Why do we use e-collar on Porkchop

In our previous article, we mentioned about the arduous journey that we took to tackle Porkchop’s excessive barking. We tried various methods and finally settled on using e-collars. With all the commotion going around about e-collar bans, we thought that this would be a good time to share our reasons on why we continued using the e-collar and our experience using it as part of the training. (we said part because you will know when you read more below)

Just to be very clear, the e-collar that we used was the mini Educator and this article will be referencing this tool only. You can check out the link here for product specifics. We do not support any other brands as we do not have any experience using them. We also don’t want to provide a blanket statement that all e-collars are harmful. From our experience the mini Educator works for us.

It is not painful.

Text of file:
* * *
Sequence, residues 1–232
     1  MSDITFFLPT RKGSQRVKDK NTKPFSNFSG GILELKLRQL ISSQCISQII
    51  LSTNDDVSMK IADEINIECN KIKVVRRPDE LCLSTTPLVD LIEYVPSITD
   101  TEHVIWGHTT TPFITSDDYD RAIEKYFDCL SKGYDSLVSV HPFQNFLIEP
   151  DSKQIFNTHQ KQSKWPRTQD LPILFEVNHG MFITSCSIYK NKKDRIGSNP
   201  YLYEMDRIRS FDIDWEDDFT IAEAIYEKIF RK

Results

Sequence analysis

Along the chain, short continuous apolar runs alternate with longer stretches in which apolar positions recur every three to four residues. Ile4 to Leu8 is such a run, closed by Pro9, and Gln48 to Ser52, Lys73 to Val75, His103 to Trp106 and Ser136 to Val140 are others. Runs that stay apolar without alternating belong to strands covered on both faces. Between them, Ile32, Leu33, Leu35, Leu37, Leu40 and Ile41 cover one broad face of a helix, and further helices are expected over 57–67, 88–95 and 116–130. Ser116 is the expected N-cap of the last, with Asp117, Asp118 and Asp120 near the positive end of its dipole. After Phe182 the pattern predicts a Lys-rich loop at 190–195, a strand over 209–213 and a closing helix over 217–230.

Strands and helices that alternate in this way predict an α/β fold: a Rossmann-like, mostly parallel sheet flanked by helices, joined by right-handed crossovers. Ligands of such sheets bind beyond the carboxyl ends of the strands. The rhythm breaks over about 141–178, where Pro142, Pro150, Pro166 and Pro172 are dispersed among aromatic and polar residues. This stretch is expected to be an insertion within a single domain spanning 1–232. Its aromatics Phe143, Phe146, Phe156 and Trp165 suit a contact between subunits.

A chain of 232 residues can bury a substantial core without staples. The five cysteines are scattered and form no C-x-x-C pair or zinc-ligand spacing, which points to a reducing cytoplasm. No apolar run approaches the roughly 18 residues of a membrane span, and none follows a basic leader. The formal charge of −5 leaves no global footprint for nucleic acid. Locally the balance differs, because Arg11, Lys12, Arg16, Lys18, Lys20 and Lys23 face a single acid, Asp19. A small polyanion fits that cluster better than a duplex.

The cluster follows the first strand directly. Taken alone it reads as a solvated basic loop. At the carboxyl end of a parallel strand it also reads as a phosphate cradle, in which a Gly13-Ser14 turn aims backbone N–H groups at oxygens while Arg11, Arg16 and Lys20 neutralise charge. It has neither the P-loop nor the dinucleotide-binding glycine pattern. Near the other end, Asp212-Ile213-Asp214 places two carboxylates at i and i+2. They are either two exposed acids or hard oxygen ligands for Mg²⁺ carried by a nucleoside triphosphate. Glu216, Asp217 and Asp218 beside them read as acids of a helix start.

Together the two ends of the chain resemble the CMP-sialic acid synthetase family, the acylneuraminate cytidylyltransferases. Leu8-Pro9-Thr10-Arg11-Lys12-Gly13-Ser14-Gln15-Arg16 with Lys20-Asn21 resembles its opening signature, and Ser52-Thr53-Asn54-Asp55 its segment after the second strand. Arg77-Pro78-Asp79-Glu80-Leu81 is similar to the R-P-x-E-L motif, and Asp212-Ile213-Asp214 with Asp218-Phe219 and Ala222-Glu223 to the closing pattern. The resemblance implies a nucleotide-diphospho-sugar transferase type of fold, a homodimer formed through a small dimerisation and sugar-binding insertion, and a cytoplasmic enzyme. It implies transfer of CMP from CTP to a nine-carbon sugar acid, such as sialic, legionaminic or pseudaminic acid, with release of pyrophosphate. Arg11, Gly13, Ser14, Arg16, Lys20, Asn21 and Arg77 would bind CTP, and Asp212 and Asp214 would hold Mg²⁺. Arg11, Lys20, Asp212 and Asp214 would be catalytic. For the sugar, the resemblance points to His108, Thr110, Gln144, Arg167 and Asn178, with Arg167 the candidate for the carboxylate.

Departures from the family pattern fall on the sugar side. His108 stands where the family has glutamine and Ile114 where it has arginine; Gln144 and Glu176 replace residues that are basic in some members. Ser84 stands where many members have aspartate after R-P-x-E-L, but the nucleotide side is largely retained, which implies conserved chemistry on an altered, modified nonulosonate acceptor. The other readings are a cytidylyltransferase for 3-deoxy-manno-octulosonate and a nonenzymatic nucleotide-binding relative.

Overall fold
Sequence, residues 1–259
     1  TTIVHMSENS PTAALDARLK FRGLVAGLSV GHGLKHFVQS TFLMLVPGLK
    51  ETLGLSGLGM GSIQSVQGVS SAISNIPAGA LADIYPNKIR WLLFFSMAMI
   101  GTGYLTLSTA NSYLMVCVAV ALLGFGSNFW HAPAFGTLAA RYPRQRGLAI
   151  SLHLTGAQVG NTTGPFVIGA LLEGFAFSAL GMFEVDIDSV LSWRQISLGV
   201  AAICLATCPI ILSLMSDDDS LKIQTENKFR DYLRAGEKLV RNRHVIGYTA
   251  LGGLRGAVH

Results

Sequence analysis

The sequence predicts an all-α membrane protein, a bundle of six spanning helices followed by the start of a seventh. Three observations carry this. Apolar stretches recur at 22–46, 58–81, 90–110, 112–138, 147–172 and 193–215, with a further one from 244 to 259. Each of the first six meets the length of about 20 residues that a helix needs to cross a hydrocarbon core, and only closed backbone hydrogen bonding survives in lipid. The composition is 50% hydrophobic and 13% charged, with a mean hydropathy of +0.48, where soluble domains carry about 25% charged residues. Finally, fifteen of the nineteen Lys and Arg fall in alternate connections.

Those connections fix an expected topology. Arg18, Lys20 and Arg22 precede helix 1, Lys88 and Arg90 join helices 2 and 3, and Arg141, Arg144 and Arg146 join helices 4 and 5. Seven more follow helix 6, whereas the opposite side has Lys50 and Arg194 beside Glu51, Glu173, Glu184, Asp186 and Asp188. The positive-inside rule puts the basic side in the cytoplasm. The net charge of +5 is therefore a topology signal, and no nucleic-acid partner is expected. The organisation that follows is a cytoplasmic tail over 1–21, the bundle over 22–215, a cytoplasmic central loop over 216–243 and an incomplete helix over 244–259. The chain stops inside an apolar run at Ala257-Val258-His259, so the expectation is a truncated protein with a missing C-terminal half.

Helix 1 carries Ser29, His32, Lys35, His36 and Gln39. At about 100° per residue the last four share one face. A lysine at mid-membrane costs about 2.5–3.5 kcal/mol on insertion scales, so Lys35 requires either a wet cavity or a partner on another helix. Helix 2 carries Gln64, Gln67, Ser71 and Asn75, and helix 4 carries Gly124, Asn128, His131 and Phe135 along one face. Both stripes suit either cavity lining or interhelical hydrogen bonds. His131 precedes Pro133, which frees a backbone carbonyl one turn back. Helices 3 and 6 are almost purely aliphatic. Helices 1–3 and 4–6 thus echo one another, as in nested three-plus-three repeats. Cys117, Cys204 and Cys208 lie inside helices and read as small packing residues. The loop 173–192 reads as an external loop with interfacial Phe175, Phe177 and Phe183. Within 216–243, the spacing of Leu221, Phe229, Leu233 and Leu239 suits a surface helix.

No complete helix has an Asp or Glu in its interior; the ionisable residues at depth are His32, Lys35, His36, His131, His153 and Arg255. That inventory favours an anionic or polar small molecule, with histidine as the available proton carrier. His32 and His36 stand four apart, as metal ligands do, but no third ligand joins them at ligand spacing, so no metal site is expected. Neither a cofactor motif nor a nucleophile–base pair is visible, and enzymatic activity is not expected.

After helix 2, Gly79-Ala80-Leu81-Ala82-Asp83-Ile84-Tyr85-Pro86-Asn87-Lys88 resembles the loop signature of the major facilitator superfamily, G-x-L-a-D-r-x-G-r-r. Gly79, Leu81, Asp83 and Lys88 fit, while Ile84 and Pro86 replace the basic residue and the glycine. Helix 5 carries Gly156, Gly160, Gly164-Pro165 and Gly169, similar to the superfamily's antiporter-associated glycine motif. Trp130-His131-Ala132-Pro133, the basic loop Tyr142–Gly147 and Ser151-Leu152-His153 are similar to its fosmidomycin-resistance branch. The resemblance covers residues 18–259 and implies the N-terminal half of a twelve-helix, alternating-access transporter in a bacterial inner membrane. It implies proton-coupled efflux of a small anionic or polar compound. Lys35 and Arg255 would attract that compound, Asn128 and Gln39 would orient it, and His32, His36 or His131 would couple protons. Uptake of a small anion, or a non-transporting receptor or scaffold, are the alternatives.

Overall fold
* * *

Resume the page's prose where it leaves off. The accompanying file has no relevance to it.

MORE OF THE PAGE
The mini Educator does not electrocute your dog like a criminal. It delivers a tapping sensation similar to vibration but more intense. More intense like how? Well the best way to gauge this was to try it for yourself.

When we first got introduced to it we had a face to face meet up with our trainer who let us try on the collar first hand and we did not feel any pain. It was uncomfortable yes, but not painful. It did not cause our skin to itch or make us jump. The key thing here that our trainer did was to help us understand the tool, what it is, how it works before you get into it. He educated us to make sure that we understood this is a tool to help us say no to Porkchop in an annoying way and that the e-collar brand that we were getting was equally important. Don’t go around buying cheap $10 ones because that would be a whole different story.

The critical point here is to manage the intensity. With the mini Educator, we are able to control a huge range of intensities. However, we are taught to manage the levels according to Porkchop’s state of excitement and reaction. The idea here is not to make him jump or squeal. Just a slight irritation for him is enough to get him to understand or remind him.